Racketeering scheme in New Jersey

March 10, 2009 4:29:26 PM PDT
There are major developments in an Eyewitness News investigation. The New Jersey Attorney General's office is filing civil RICO (racketeering) charges against a disbarred lawyer and his son, accusing them in a widespread investment scheme. It is an Eyewitness News exclusive.

The defendants, Seth and Marty Gendel, ran a property management firm in Totowa, New Jersey. They are accused by the Attorney General's office of orchestrating a pattern of racketeering that included making false promises to investors, submitting fraudulent mortgage applications and failing to make mortgage payments, resulting in ruined credit.

"They took a good group of families and they violated us, our trust," Jennifer Pena said.

Pena and her husband, Devon McKnight, bought a now boarded up Newark, New Jersey, home in 2006 as an investment. The appeal, no money down, just their good credit. It was a deal orchestrated by Martin and Seth Gendel, who ran Casey Properties.

"I can't afford to fix it up," McKnight said. "I have no credit to do anything, so basically, I couldn't even take out a loan to kind of fix it up if I wanted to."

In the complaint, the Attorney General's office alleges the Gendels, mortgage brokers and others conspired in a pattern of racketeering to solicit investors to buy properties in distressed neighborhoods at grossly inflated prices to generate unwarranted profits for themselves.

Eyewitness News Reporter Sarah Wallace: "Your credit as a result of this? "
Barbara:"It's shot, yeah."
Wallace: "Still shot?'"
Barbara: "Yes, I can't even, I don't even apply for it even more at this point. We have no credit. I can't get any credit what so ever."

Eyewitness News first spoke with Barbara Borys, her husband and several other investors last year, some who bought several properties through the Gendels.The investors say the Gendels promised to manage the homes and pay the mortgages, but then came the foreclosure notices and destroyed credit.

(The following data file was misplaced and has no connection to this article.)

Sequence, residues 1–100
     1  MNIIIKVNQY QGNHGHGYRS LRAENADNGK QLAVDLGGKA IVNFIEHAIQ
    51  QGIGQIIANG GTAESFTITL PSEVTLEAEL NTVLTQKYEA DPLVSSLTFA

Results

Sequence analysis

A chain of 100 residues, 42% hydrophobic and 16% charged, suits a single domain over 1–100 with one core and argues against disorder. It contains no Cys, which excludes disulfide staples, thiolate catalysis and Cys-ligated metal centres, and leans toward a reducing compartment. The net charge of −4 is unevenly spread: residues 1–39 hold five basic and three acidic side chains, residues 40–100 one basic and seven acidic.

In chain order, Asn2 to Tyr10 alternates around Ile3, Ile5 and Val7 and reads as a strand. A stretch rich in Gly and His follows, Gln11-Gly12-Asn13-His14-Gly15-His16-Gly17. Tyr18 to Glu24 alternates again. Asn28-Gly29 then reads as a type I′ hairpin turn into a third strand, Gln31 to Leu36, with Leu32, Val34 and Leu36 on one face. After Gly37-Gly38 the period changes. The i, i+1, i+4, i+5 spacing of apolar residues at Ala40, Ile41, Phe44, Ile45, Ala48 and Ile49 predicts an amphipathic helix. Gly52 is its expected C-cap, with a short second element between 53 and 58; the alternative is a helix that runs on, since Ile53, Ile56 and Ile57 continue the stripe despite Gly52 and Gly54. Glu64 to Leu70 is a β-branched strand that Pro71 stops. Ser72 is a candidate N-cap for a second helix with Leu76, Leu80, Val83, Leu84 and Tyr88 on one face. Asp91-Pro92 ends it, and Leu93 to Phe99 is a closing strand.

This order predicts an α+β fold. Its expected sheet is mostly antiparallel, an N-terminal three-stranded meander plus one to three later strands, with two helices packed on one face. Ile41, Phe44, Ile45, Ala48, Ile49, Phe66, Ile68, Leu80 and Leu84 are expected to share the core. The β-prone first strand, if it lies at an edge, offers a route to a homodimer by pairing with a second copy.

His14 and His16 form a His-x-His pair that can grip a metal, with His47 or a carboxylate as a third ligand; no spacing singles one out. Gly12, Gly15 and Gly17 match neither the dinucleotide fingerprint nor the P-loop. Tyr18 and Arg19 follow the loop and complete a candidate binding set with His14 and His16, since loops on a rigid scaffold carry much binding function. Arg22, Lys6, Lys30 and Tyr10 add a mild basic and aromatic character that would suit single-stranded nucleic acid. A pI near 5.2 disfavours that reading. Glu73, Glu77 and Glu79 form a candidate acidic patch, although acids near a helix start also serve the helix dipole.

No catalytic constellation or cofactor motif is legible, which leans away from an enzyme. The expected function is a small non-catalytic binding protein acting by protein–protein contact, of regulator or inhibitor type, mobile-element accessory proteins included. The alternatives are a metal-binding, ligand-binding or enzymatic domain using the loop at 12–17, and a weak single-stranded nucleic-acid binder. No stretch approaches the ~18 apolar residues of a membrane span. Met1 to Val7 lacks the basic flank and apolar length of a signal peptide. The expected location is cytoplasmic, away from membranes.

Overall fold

"And once we started getting letters from the banks that the mortgages weren't being paid, I knew right away then, there's trouble," Barbara said. "And it just got worse, it just got worse."

The McKnight's Newark home has a mortgage of $330,000. They say they've been told it's worth a fraction of that and haven't been able to sell it. The AG's office claims many homes in the Gendel scheme have been condemned, left vacant or abandoned. Martin and Seth Gandel were not available for comment. Seth now lives in a doorman building on Manhattan's Upper East Side.

"I just want to get my credit cleared and get the house out of my name and move on," McKnight said. "I really just don't ever even want to think of them ever again, so that's just what I'm looking forward to."

The AG's office says that many homes in this alleged scheme have been condemned or abandoned, which just adds to neighborhood blight in already distressed areas. Sources say that there is also an ongoing criminal investigation into the Gendels and others.


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